Frontiers in Microbiology, 2018, Vol.9, p.1929
Over the last 60 years, soil microbiologists have accumulated a wealth of experimental data showing that the usual bulk, macroscopic parameters used to characterize soils (e.g., granulometry, pH, soil organic matter and biomass contents) provide insufficient information to describe quantitatively the activity of soil microorganisms and some of its outcomes, like the emission of greenhouse gases. Clearly, new, more appropriate macroscopic parameters are needed, which reflect better the spatial heterogeneity of soils at the microscale (i.e., the pore scale). For a long time, spectroscopic and microscopic tools were lacking to quantify processes at that scale, but major technological advances over the last 15 years have made suitable equipment available to researchers. In this context, the objective of the present article is to review progress achieved to date in the significant research program that has ensued. This program can be rationalized as a sequence of steps, namely the quantification and modeling of the physical-, (bio)chemical-, and microbiological properties of soils, the integration of these different perspectives into a unified theory, its upscaling to the macroscopic scale, and, eventually, the development of new approaches to measure macroscopic soil characteristics. At this stage, significant progress has been achieved on the physical front, and to a lesser extent on the (bio)chemical one as well, both in terms of experiments and modeling. In terms of microbial aspects, whereas a lot of work has been devoted to the modeling of bacterial and fungal activity in soils at the pore scale, the appropriateness of model assumptions cannot be readily assessed because relevant experimental data are extremely scarce. For the overall research to move forward, it will be crucial to make sure that research on the microbial components of soil systems does not keep lagging behind the work on the physical and (bio)chemical characteristics. Concerning the subsequent steps in the program, very little integration of the various disciplinary perspectives has occurred so far, and, as a result, researchers have not yet been able to tackle the scaling up to the macroscopic level. Many challenges, some of them daunting, remain on the path ahead.Fortunately, a number of these challenges may be resolved by brand new measuring equipment that will become commercially available in the very near future.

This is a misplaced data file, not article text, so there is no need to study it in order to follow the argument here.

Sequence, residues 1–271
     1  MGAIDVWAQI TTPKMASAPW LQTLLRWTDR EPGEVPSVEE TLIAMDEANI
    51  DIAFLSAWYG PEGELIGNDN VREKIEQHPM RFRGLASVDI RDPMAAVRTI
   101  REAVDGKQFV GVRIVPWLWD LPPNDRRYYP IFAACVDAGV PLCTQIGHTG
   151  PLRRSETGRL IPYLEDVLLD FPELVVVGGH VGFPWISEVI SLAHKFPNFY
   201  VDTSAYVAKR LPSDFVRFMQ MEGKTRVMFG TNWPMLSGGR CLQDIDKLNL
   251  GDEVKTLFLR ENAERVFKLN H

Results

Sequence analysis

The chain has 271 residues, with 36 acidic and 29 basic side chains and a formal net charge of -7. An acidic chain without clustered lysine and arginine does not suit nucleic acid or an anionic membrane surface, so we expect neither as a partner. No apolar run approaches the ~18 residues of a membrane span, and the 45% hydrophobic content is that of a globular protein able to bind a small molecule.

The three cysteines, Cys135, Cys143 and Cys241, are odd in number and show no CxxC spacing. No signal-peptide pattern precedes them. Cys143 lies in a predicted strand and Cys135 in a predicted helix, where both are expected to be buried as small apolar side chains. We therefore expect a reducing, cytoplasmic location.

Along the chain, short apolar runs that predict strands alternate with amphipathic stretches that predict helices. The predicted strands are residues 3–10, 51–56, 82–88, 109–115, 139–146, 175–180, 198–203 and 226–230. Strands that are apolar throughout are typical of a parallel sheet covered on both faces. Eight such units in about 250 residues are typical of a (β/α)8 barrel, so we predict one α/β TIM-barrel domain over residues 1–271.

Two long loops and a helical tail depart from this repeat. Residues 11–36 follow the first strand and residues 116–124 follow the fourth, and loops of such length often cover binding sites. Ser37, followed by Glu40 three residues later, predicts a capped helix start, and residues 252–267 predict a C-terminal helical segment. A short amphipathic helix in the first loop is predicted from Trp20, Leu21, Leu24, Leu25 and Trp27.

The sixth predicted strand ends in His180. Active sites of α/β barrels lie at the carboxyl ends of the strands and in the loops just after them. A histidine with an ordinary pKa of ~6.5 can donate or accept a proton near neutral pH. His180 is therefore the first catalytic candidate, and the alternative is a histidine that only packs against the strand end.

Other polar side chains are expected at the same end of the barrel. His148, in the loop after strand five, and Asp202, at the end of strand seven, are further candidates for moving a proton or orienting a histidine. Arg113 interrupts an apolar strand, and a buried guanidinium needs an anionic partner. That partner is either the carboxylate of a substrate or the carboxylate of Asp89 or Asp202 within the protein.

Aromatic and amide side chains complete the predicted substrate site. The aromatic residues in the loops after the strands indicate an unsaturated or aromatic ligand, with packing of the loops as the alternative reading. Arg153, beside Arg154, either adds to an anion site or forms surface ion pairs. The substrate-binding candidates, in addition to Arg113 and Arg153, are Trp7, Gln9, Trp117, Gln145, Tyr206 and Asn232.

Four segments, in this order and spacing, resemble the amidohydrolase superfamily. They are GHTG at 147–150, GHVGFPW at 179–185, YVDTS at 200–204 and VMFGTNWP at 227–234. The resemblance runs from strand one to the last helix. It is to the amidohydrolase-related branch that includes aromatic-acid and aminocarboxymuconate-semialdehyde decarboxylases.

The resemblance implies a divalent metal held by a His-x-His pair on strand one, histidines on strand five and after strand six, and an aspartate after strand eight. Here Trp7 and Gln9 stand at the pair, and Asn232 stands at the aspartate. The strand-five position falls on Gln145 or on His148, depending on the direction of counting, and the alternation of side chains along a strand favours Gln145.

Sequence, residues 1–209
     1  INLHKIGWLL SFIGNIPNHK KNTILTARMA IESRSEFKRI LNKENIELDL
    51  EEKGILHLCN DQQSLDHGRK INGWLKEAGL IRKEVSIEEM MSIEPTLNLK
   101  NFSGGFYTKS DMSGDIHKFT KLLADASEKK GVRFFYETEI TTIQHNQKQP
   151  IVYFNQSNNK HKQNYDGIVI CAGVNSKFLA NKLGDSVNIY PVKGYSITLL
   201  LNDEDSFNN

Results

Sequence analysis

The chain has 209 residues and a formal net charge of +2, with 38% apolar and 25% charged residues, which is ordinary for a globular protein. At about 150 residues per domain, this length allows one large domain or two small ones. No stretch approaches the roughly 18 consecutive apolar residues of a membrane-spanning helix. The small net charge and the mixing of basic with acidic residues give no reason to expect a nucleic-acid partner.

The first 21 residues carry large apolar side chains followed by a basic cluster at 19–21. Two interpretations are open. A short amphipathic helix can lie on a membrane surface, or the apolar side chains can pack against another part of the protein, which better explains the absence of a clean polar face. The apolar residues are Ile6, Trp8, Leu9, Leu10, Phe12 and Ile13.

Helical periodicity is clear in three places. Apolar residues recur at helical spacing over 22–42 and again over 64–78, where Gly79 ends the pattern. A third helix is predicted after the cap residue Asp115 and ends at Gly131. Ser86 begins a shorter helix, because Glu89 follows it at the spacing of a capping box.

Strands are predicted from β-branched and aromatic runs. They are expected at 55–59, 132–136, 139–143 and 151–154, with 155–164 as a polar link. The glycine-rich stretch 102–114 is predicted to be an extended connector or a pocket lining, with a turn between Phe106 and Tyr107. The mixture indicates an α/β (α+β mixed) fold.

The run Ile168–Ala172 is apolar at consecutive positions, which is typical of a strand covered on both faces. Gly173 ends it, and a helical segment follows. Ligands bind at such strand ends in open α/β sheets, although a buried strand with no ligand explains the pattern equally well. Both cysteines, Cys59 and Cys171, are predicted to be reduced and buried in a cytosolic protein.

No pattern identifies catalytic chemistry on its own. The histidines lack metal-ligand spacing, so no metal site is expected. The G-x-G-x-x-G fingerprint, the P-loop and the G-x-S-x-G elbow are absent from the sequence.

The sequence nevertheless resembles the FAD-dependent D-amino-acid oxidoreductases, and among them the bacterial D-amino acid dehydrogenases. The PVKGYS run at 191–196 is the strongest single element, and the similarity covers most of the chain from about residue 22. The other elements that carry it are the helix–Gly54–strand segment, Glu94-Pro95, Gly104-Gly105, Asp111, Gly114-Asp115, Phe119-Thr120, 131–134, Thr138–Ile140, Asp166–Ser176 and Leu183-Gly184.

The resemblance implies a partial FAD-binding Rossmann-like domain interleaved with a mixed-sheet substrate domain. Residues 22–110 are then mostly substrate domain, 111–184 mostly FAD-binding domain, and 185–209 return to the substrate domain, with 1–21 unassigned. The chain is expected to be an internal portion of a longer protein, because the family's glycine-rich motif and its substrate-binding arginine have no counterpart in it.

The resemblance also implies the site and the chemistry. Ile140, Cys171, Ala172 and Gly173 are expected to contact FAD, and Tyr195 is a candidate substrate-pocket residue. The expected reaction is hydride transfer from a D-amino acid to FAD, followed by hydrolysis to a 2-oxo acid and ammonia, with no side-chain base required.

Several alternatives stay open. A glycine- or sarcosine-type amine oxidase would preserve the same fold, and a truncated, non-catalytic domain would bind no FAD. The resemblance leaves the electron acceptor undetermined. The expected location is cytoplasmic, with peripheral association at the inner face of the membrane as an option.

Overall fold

Life Sciences ; X-Ray Computed ; Upscaling ; Biodiversity ; Soil Microbiology ; Tomography ; Single-Cell Genomics ; Nanosims Imaging ; Biology
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